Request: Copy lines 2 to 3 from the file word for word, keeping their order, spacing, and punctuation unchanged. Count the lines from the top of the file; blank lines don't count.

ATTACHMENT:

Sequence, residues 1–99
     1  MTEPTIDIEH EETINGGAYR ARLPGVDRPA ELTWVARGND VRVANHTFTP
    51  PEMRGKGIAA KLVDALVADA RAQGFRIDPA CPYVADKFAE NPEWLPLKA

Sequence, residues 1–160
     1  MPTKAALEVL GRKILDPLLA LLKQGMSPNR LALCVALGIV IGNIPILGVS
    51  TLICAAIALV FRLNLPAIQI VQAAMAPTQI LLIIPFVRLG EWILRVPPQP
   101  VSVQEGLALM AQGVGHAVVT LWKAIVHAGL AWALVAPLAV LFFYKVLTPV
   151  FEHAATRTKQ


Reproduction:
     1  MTEPTIDIEH EETINGGAYR ARLPGVDRPA ELTWVARGND VRVANHTFTP
    51  PEMRGKGIAA KLVDALVADA RAQGFRIDPA CPYVADKFAE NPEWLPLKA